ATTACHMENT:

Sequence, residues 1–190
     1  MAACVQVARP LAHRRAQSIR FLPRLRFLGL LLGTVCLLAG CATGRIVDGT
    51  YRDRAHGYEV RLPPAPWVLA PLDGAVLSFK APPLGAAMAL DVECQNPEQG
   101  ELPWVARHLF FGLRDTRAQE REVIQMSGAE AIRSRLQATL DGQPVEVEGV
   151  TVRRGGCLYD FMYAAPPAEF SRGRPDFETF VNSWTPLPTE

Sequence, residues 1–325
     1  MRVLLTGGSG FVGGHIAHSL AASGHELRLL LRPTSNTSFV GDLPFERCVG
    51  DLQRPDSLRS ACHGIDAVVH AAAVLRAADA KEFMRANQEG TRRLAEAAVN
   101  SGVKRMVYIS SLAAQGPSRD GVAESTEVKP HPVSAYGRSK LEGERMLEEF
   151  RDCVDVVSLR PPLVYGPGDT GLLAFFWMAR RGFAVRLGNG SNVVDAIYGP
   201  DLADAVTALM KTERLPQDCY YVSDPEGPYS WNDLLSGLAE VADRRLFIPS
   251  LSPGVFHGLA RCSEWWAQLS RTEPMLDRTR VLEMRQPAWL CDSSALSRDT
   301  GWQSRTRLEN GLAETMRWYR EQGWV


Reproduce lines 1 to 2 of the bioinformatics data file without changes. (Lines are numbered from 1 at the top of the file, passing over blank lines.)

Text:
Sequence, residues 1–190
     1  MAACVQVARP LAHRRAQSIR FLPRLRFLGL LLGTVCLLAG CATGRIVDGT